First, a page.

There is no set examination period. Examination dates vary from module to module. Some IATL modules taught only in the autumn term, for example, may have their examination at the end of that term. If this is the case then you will be informed by the module tutor during the first class. Most examinations will be invigilated unseen papers; however a few modules opt for a seen paper. Details of these will be given to you by the tutor. Seen exam papers will be available 21 days before the examination. Papers will be distributed by module leaders.
Rubrics for examinations will be supplied by module leaders. Please note: You will be penalised up to 20 marks from your overall exam mark if it is evident that you are in violation of the rubric of the exam paper.
For details of Materials Allowed in Examinations, please refer to the Regulation A, which can be found in the University's Senate Examination and Degree Conventions.
Past examination papers are available on the University's past papers page. Please note that as many of the PG modules are new for 2017/18, there are no past papers currently available.
IATL does not return examination scripts to students.
You will be very likely to be required to write essays on IATL modules. Most essays will be assessed (or summative) pieces of work, with marks counting towards your final grade. Essays are important as they help you to develop your skills and improve your performance. Advice on writing essays can be obtained via the Academic Writing Programme where workshops, mentoring and an online course are on offer to postgraduate students: http://www2.warwick.ac.uk/services/scs/skills/awp/.
In addition, IATL will be offering drop-in sessions for academic essay writing in weeks five and six of the autumn and spring terms. Any students requiring advice on essay writing will be able to book a slot with one of our academic writing mentors.
Style and Presentation Guidelines
Essays can be written in the style that your department favours. English and Comparative Literary Studies use, for example, either MLA (Modern Languages Association) conventions or the MHRA (Modern Humanities Research Association) referencing conventions whilst Life Sciences, for instance, employ the Vancouver style of referencing. Be self-consistent and use the same system throughout the piece of work being submitted. The Library provides some guidance on referencing: http://www2.warwick.ac.uk/services/library/using/guidance-training/referencing/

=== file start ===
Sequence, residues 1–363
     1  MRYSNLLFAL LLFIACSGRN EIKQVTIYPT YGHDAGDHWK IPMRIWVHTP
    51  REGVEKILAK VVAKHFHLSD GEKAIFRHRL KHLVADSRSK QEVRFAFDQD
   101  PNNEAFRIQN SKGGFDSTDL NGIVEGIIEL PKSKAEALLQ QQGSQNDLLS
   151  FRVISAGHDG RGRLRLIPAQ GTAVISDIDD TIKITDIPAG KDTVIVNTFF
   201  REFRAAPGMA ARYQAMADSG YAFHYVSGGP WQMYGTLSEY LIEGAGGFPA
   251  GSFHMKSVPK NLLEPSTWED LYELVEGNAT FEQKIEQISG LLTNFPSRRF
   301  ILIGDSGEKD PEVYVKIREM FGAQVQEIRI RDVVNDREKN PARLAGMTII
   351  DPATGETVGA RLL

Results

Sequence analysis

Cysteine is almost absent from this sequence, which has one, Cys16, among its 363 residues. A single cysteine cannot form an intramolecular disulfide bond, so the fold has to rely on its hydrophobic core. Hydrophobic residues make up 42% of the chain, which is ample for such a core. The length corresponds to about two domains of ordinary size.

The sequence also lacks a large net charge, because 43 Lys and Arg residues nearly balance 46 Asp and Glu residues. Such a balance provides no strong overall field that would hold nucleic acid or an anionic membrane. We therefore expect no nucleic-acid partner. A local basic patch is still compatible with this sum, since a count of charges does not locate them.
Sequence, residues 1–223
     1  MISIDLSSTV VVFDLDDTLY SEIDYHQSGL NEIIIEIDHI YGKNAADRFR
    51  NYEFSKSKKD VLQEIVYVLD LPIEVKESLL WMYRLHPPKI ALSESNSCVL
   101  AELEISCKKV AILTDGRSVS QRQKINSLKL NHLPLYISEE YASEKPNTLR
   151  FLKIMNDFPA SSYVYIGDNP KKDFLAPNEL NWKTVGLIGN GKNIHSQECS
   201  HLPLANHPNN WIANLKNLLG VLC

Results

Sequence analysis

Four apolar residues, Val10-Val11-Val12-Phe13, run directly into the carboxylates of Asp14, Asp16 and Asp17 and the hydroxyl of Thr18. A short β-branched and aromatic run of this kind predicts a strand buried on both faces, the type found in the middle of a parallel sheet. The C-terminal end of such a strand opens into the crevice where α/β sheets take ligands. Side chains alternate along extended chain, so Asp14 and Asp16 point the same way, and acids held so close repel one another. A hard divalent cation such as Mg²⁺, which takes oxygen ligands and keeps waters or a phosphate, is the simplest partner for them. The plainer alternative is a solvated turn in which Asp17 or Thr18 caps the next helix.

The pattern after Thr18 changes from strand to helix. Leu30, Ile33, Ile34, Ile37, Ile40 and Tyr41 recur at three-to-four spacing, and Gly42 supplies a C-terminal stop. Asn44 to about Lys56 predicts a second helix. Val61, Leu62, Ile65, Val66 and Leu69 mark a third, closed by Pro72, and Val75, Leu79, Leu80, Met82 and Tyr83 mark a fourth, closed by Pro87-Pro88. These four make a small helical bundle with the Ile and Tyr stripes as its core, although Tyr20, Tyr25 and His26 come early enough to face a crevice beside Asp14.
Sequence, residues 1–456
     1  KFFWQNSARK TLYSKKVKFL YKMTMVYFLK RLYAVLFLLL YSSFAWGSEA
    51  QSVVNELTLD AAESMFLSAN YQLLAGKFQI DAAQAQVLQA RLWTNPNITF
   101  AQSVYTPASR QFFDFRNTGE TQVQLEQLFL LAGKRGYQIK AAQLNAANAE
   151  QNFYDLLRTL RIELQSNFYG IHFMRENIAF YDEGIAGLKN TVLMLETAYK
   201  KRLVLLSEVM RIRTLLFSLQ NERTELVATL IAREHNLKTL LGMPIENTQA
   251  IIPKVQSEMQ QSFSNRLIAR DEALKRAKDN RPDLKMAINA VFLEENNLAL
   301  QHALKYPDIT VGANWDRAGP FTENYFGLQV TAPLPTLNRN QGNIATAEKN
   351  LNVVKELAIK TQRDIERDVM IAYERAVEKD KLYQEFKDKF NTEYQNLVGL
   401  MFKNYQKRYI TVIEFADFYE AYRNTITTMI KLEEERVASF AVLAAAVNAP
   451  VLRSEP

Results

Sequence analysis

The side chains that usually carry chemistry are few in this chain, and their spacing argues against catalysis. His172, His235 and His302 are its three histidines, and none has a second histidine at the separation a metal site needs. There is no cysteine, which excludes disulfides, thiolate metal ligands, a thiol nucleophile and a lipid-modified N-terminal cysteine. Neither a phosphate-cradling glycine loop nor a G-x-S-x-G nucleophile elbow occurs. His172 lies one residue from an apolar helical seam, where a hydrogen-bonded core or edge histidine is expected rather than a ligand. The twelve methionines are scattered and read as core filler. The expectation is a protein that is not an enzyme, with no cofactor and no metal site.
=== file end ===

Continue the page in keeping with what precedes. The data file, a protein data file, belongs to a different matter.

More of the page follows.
Handwritten assignments cannot be accepted. Computers for students' use are available in the work areas in the Library and the Learning Grid. You are required to keep a back-up of your work and an electronic copy of any assignments you submit to the department. In the event of computer problems, please contact the IT Services Helpdesk on ext. 73737.
Please Note: Computer problems are not an acceptable reason for non/late submission of assessed work. Extra-curricular commitments are not valid reasons for requesting an extension to an assessed essay deadline.
You should observe the following presentation guidelines for all essays:
Line spacing should be 1.5 or double,
Use 12-point type, a clear font and wide margins for tutor comments
Your Student ID number should be included in the header or footer on each page of your essay.
YOUR NAME SHOULD NOT APPEAR ON THE PAGES OF THE ESSAY.
Bibliography, Footnotes and Endnotes